EPA's Clean Water Rule On Hold As Federal Court Sides With Oklahoma
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The U.S. Environmental Protection Agency attempt to update the Clean Water Rule — also known as the waters of the U.S. rule — hit a snag today, with the 6th Circuit Court of Appeals ruling to temporarily block its implementation.
As StateImpact reported in May, when the EPA finalized the rule, it’s meant to clarify “which bodies of water qualify for federal protection — which ones are streams, which ones are tributaries, whether pollution dumped into one stream will trickle into another — that sort of thing.”
But what the EPA says is nothing more than a tweak to current rules that farmers won’t even notice, opponents say is a vast federal government overreach that will extend to every pond and ditch in the country.
Oklahoma Attorney General Scott Pruitt joined 17 other states in suing over the issue, and on Friday, praised the court’s decision.
“The WOTUS rule is a devastating blow to private property rights and is an unlawful power grab by the EPA over virtually all bodies of water in the United States,” Pruitt says is a press release.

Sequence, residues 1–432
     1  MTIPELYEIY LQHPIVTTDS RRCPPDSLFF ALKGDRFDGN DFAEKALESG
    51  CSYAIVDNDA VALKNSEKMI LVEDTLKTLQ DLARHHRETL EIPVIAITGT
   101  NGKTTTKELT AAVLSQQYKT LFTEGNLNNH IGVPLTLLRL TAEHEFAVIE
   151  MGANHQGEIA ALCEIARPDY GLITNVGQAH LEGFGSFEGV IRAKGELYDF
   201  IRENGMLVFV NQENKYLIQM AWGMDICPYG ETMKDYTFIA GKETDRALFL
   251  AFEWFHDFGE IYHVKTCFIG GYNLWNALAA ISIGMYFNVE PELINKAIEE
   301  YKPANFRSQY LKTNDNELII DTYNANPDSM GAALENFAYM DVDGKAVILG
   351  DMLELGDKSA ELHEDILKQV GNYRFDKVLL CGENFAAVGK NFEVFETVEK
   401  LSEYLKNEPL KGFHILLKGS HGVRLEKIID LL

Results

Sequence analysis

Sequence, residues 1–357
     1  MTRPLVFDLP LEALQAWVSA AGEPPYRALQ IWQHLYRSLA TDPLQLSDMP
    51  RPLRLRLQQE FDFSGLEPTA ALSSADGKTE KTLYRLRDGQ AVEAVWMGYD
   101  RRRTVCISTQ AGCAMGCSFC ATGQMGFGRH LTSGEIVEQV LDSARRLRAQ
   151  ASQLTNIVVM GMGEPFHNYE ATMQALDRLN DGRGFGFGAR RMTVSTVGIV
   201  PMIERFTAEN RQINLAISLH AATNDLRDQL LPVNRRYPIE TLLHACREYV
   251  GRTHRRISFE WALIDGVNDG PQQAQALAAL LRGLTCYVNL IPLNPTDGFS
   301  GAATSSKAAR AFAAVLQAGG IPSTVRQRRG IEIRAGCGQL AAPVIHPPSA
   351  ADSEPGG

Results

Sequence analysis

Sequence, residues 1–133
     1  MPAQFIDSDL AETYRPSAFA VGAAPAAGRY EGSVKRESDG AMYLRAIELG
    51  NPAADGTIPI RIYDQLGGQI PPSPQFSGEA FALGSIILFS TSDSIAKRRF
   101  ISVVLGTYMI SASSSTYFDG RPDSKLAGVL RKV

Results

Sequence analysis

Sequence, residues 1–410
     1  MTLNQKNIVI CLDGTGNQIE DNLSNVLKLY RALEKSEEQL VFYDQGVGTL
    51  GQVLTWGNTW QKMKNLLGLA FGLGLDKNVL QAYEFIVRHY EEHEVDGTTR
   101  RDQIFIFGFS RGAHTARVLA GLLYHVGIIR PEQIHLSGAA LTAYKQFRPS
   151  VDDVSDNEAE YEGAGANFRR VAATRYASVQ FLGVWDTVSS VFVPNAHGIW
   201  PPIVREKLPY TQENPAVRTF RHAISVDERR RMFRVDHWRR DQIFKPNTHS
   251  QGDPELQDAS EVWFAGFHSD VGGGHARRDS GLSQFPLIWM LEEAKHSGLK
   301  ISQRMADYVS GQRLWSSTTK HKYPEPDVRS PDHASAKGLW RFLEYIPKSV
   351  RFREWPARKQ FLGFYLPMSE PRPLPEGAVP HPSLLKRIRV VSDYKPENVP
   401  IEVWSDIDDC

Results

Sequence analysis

But while environmental groups are disappointed in the ruling, they remain confident that, in the end, the Clean Water Rule will go forward.
“Every major rule delivered by the EPA is guaranteed to face legal challenges, so today’s preliminary decision is disappointing but not a surprise,” Jon Devine, with the Natural Resources Defense Council, says in a press release.
From The Wall Street Journal‘s Brent Kendall and Amy Harder:
In coordination with the U.S. Army Corps of Engineers, the EPA in May issued the rule, which is estimated to put about 3% more waterways throughout the U.S. under new federal jurisdiction. That would require a federal permit to pollute those waters and could restrict access altogether. Major waterways, like most rivers and lakes, are already under protection of the Clean Water Act and aren’t affected by the rule.
The EPA has said the rule is necessary to clarify which waters should fall under the protection of the federal Clean Water Act of 1972 after two Supreme Court rulings, in 2001 and 2006, called into question whether and to what extent 60% of U.S. waterways, especially streams and wetlands, should fall under federal jurisdiction.
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